The Elgar Chorale in Concert

at Old St Martin’s Church in the Cornmarket

Sunday Oct 31st at 1.30pm in St Martin’s in the Cornmarket

Conductor Piers Maxim

Showing EC at Old St Martin's from the gallery
The Chorale at St Martin’s in the Cornmarket

On a typical autumnal day at the end of October, the Chorale sang a set of songs (see below) as a part of the 2021 (greatly delayed from 2020!) Elgar Festival. A audience of over 50 heard a performance of live music in a lovely city centre Church.

The opening piece, ‘The dark eyed sailor’, is a swashbuckling tale of two lovers. Separated by time and distance, the sailor, home from the sea, meets his girl and they reunite in marriage. Like bookends, the final piece was a reprise of ‘Shout oh ye winds’ from the Chorale’s Three Choirs Festival. It is about a lady leaving the Malverns, moving around the English countryside, the south west, Yorkshire, East Anglia and more, but ending up with her first love, the Malvern Hills. This was commissioned by The Friends of The Elgar Chorale and is a poem by Dorothy Thoday, set to music by Roderick Williams.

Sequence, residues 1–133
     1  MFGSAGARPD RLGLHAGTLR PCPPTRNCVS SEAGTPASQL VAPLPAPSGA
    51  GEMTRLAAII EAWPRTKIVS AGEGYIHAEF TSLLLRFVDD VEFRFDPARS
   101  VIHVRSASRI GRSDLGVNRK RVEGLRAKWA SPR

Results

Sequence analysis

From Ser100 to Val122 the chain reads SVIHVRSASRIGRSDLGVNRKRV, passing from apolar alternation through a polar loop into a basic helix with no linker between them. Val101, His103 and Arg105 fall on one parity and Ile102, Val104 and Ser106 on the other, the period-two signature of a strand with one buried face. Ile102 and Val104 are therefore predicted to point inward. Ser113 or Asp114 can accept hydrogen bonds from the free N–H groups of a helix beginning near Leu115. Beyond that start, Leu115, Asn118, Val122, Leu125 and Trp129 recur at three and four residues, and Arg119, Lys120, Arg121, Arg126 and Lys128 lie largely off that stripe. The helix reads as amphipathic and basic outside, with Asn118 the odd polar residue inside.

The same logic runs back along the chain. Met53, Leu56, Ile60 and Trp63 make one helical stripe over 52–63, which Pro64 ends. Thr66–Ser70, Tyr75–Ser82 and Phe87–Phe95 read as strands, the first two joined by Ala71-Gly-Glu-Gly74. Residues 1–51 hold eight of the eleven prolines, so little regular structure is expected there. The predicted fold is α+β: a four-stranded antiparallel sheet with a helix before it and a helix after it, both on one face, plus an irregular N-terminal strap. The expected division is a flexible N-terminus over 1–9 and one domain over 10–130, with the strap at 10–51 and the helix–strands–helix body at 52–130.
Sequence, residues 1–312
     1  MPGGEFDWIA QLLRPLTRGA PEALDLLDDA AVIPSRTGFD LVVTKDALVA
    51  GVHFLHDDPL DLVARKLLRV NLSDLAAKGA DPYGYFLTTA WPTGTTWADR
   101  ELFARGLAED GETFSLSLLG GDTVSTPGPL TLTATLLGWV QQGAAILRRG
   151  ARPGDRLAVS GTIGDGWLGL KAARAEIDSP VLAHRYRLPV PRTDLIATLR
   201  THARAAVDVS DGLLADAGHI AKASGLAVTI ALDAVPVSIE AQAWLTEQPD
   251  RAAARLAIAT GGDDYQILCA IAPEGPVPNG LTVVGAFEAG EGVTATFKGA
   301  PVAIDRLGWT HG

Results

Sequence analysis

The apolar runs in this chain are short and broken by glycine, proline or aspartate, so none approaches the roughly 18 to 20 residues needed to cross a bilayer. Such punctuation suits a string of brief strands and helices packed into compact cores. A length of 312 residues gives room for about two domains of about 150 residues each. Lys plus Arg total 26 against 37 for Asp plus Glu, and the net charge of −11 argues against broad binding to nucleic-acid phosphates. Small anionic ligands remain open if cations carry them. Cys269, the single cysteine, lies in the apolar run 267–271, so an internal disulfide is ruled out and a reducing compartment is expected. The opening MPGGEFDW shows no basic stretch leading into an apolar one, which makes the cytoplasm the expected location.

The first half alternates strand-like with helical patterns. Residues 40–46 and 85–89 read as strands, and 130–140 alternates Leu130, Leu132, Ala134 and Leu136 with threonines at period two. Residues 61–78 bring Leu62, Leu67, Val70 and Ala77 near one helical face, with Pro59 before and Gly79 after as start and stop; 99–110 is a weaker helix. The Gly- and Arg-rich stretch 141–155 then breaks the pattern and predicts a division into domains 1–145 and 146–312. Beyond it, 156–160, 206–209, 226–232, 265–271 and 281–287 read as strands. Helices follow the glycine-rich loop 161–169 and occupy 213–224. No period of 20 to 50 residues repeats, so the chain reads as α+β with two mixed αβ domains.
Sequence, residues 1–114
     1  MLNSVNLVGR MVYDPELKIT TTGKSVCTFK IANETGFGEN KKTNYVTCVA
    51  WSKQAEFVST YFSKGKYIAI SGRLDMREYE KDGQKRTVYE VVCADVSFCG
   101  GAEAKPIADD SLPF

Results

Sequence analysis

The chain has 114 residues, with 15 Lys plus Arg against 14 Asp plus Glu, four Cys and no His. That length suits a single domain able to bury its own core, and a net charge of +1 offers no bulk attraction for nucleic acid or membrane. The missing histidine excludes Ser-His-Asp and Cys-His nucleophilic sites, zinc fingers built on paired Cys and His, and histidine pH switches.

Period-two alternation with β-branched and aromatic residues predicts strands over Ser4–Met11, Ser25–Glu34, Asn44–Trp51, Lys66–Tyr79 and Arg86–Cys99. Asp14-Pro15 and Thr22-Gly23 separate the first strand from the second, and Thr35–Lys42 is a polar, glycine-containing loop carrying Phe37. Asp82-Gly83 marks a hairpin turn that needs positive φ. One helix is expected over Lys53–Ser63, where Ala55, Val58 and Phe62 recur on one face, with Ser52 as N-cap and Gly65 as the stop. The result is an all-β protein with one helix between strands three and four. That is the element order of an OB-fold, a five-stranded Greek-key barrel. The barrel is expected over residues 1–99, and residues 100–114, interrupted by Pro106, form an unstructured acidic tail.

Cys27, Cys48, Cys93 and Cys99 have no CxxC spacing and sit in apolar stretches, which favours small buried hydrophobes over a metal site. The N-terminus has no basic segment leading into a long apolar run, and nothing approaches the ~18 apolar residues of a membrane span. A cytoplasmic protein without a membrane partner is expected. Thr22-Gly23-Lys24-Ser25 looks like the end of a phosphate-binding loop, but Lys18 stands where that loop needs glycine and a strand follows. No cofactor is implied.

From beginning to end, the Chorale were in good voice. The programme ranged from rip-roaring, full voice in Samuel Coleridge Taylor’s ‘The Viking Song’, managing to “clang, clang the anvil, with Thor’s hammer, to Donald Hunt’s beautiful ‘Now Sleeps the Crimson petal’, “be lost in me” from a poem by Tennyson. Throughout, the Chorale were both confident and sang with the emotion we are coming to expect form this choir, ably directed by their Director Music, Piers Maxim.

This was a concert, with a well chosen and balanced programme showing the Chorale at its best.


The full programme was –

Three English Folk Songs	Vaughan Williams
	The dark eyed sailor
	The spring time of the year
	Just as the tide was flowing
Two Part Songs		Donald Hunt
	A Good-Night
	Now the crimson petal
The Lee Shore		Coleridge-Taylor
The Viking Song
Two Part Songs			Elgar
	As torrents in Summer
	How calmly the evening
Valiant-for-truth	Vaughan Williams

Shout, o ye winds!		Roderick Williams